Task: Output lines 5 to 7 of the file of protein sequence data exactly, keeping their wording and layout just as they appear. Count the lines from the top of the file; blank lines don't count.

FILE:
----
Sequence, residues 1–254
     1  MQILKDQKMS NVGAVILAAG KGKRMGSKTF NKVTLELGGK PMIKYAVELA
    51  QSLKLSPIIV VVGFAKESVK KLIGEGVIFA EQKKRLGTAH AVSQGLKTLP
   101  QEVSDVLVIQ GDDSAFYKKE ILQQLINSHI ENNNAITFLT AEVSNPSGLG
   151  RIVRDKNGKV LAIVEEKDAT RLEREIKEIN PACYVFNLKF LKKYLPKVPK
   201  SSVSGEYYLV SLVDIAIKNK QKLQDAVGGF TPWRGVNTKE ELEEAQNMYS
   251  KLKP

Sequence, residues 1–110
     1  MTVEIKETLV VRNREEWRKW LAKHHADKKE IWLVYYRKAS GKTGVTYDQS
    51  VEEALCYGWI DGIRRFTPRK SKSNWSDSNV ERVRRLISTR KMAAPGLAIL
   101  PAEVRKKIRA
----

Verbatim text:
   151  RIVRDKNGKV LAIVEEKDAT RLEREIKEIN PACYVFNLKF LKKYLPKVPK
   201  SSVSGEYYLV SLVDIAIKNK QKLQDAVGGF TPWRGVNTKE ELEEAQNMYS
   251  KLKP